Pleurisy occurs when the lining of the lungs become inflamed, most often due to a recent respiratory tract infection.
This often results in sharp chest pain that is worse with deep breathing or coughing. Pleurisy can get better by itself, but often medical treatment is needed.
What is pleurisy?
In the chest, the lungs sit within the chest wall. Both the lungs and the chest wall are covered with a lining (pleura). These linings are lubricated so that the lungs and chest wall can move easily during breathing.
Pleurisy is inflammation of the pleura, which causes these linings to become rough and rub against each other. Pleurisy is usually the result of a chest infection.
Symptoms can vary in severity and include:
- chest pain that may worsen with deep breathing and coughing
- shortness of breath
Some people also get a pleural effusion, which is when the inflammation causes a large build-up of fluid between the linings of the lung and chest wall.
This can help relieve the symptoms of pleurisy because the linings no longer rub against each other. However, it can also cause compression of the lungs, leading to breathing problems.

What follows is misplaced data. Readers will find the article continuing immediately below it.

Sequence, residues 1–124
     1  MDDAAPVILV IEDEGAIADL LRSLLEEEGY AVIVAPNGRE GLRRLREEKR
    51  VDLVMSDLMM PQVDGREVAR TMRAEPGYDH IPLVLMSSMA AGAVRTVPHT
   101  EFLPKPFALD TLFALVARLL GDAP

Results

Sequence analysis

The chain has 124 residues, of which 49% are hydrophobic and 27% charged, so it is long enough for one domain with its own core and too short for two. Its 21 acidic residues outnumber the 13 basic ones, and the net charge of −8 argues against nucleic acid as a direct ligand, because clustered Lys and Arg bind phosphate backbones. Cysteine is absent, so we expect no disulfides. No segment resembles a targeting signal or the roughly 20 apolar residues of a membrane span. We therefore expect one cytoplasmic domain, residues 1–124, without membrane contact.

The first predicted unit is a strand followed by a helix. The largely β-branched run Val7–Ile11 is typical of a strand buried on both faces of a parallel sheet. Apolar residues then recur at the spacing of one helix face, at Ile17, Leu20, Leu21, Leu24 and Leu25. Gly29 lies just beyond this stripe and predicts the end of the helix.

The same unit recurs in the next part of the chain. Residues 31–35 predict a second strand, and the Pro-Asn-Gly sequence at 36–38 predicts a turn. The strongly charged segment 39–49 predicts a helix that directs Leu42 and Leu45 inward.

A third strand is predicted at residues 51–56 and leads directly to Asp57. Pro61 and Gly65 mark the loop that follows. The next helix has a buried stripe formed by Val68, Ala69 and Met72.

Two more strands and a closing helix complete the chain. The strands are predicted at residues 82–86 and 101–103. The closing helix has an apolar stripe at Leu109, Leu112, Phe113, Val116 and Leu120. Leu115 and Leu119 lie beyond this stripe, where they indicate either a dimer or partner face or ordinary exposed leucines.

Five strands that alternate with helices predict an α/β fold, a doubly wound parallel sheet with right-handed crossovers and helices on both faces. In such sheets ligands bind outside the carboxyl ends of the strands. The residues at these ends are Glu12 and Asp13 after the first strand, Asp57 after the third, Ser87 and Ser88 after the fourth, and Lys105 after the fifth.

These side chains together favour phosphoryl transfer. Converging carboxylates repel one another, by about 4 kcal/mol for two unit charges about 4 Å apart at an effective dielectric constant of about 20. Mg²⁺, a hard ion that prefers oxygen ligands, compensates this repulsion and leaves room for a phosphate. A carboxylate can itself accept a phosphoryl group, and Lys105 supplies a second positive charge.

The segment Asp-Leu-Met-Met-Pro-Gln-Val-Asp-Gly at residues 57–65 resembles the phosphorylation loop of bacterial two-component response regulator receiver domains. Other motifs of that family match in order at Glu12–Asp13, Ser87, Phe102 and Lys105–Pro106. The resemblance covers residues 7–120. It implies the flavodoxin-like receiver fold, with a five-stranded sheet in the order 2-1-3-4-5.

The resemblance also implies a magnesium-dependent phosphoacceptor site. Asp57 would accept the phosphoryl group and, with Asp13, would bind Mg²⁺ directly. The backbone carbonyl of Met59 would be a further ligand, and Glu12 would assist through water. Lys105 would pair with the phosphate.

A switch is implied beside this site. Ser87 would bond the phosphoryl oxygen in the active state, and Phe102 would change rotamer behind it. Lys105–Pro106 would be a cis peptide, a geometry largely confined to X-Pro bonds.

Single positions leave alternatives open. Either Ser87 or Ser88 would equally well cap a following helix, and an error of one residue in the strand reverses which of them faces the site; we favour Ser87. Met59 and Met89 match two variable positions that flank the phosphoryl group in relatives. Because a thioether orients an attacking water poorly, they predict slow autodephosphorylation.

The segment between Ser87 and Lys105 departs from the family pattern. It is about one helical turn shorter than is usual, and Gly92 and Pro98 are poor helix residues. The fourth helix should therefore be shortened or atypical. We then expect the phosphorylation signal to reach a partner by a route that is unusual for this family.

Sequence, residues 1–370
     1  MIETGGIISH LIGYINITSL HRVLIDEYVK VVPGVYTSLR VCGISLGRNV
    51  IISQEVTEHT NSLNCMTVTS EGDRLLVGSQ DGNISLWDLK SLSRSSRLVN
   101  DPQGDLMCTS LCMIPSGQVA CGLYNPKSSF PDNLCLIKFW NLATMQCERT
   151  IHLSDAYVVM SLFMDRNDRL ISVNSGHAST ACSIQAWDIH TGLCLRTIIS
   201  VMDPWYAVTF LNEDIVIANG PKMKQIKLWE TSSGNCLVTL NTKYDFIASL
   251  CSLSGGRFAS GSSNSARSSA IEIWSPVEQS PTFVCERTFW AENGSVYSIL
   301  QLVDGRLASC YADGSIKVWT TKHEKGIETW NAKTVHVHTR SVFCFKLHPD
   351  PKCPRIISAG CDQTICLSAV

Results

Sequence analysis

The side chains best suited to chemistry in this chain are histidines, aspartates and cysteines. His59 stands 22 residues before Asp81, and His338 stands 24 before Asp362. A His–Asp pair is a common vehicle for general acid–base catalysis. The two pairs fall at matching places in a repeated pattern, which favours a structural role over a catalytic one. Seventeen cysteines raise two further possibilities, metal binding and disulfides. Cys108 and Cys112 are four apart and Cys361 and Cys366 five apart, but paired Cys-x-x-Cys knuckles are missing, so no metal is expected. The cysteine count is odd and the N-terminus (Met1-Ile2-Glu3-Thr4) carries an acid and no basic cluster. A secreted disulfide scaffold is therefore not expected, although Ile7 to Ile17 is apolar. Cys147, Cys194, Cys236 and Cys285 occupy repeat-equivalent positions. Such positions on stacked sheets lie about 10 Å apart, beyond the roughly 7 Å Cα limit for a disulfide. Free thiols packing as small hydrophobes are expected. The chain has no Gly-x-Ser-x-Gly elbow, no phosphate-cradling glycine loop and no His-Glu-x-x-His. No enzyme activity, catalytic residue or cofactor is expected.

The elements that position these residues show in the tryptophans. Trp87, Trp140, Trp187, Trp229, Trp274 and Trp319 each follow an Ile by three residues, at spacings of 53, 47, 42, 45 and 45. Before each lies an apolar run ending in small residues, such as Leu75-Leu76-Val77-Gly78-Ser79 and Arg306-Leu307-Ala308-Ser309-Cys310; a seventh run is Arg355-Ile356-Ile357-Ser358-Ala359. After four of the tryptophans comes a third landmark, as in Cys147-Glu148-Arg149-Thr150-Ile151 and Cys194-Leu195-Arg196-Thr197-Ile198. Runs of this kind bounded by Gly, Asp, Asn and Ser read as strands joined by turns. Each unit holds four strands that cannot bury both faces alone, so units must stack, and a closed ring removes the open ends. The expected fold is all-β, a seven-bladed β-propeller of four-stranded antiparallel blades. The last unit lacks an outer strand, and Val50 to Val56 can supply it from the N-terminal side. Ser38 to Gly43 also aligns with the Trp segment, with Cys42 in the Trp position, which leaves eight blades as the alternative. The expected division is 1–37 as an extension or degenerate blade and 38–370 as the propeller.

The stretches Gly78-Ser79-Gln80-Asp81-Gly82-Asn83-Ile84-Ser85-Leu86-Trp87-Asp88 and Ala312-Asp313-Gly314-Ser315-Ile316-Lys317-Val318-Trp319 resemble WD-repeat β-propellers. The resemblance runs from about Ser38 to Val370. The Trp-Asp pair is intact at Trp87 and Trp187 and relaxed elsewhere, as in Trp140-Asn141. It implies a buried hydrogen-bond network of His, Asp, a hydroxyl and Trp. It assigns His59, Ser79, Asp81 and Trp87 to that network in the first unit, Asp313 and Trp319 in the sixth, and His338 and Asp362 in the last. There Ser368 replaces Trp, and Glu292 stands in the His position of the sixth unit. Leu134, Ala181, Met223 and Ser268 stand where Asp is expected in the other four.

What causes pleurisy?
Pleurisy can also be caused by:
- rheumatoid diseases such as rheumatoid arthritis and lupus
- a blood clot in the lungs (pulmonary embolus)
- lung cancer
Pleurisy diagnosis and treatment
If you think you may have pleurisy, visit your doctor. If your symptoms are severe or you are worried, go to a hospital emergency department.
Your doctor will assess you by talking to you and examining you.
Your doctor may also order some tests, including:
- blood tests
- imaging of the chest, which may include an x-ray or CT scan
- needle biopsy of the pleural fluid
- bronchoscopy (use of a thin tube via the throat to look at the airways)
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Last reviewed: February 2019